|Perl: the Markov chain saw|
Having unthinking robots block work progress can certainly be a very bad idea. I have two main things that I weigh when considering such things:
To a lesser extent, I also consider how likely violations are to happen. But that has more to do with whether some kind of check should be added somewhere in the process and not whether an unthinking robot should be allowed to block work progress because of a detected violation.
Unless the test is darn near impossible to get wrong, I'm quite unlikely to approve of an unthinking robot blocking work progress based on the test. Even for dead-simple tests, I'm against blocking work progress unless the consequences are serious.
For example, consider checking in a source file that contains tabs or trailing whitespace. It often isn't rocket surgery to get that test written quite reliably (you have to exclude "binary" files, and where you draw that line might be easy and obvious or might be completely unclear, depending on the repo involved). But I still wouldn't have the resulting unthinking robot in a position to block work progress.
I can convincingly make the case that such whitespace violations are against our best practices, that there will never be a need for them in this repo, that it is easy to avoid them, and that these violations cause problems down the road. But the consequences of violations just aren't even close to serious enough to block work progress. They aren't even serious enough to agitate your team members by having an unthinking robot get in the way of them doing their job (even if the robot offers a way to work around the check).
I much prefer to have the feedback on tabs in source code to come from coworkers who have the capacity to think, even contemplate. And I set the example of not providing such feedback mechanically nor incessantly. We don't need coworkers resenting each other as acting like unthinking robots. So getting feedback about tabs doesn't lead to agitation or annoyance or aggravation.
Checking in source code containing "\r" characters can be quite different. Having a future merge be pretty much impossible to resolve because every single line on one side of the merge is considered to have changed because a "\r" got inserted on each can be a very serious consequence. (I have not seen a person check in source code where they converted all of the leading spaces to tabs on every line when the coding standard suggests the opposite -- and if I were to see such, I'd want to have a conversation with that person, not just have their check-in blocked or produce a warning.) So I have sometimes had unthinking robots scan for "\r" characters in source code before a check-in is accepted.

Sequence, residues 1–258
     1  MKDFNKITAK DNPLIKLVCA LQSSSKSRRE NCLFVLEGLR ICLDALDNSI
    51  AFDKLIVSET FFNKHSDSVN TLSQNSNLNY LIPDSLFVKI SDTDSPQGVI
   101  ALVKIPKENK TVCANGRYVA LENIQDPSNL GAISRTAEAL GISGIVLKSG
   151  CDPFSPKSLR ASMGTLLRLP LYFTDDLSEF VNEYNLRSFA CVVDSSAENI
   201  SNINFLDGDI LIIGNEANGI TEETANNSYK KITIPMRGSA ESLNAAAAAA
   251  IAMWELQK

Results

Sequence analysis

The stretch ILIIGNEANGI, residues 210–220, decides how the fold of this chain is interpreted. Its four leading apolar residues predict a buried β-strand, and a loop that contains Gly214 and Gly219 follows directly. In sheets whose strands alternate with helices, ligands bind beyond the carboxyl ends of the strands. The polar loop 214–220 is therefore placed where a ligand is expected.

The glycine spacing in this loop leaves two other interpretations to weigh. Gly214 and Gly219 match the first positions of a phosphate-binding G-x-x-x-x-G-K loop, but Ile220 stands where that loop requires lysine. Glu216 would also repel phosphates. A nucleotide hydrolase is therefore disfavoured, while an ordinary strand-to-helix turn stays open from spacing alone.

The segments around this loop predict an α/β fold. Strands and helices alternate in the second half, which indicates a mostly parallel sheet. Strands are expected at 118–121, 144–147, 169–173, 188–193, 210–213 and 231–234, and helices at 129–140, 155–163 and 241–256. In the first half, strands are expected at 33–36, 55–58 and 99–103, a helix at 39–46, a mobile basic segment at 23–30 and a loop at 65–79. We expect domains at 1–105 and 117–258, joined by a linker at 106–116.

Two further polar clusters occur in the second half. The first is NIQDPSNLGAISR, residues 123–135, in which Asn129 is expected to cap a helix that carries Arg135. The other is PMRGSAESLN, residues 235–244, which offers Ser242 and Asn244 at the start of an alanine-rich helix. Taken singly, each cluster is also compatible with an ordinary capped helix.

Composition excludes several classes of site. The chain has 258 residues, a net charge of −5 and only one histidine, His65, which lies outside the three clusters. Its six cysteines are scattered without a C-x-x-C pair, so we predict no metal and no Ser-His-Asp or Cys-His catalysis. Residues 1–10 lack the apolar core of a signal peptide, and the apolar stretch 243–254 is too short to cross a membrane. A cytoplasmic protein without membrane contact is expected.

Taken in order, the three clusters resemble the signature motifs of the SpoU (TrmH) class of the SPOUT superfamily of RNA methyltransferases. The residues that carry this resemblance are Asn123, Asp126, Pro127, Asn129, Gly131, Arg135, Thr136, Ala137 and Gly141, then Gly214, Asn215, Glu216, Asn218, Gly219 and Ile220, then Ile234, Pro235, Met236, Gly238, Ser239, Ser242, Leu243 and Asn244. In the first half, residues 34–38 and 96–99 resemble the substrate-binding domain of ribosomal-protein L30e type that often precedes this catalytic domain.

Style? Oh, hell no.
I guess I could see it if I were working in a Java shop where the parser that enforces (or changes) the style is guaranteed to not just get it wrong in some way, we are using Java because it makes it easy to replace workers with minimal work by Recruiting, because we just find it too hard to mentor workers so that they become more than code monkeys, we prefer code written so that even entry-level java programmers can easily understand each line, we have so much turn-over that we don't bother fostering a good team feeling, so outright bickering about style is just to be expected unless you bring in robots that are even more unthinking than your coworkers...
Yeah, you deploy the style-enforcing robots in that environment. I'll go check the job boards instead.
I prefer documented best practices that encourage people to figure out ways to improve the best practices. It took a long time to figure out an indentation for moderately complicated conditionals that actually works well. I'd never have bothered if some robot was mechanically enforcing the formatting in the mean time.
Then there is the option of having unthinking robots rewrite your programmers' code and then committing the results, unseen by the programmers. That sounds pretty scary to me when the code is Perl. But then I've seen perltidy interpret code wrong quite a bit (most people seem to think that never happens).
My criteria for unthinking robots modifying code with the results unreviewed by real programers are similar to my 2 criteria above for blocking work progress.
This also runs up against my usual surprise when people talk about syntax highlighting. I spend about as much time looking at code outside of my favorite editor as I do editing code. Much of that time is looking at diffs. I don't get the casual acceptance of editing a transformed version of code that isn't going to match what I see in all of the other places when I look at the code. I go to edit the code and the line numbers don't even match those from the error messages because the code being run is straight from the repo while my editor is showing it to me with my preferred (un)cuddling of braces and/or 'else's?
No thanks! I prefer to foster tolerance and learning from each other, even when it comes to matters of style.
In reply to Re: Setting boundaries in software development (robot menace)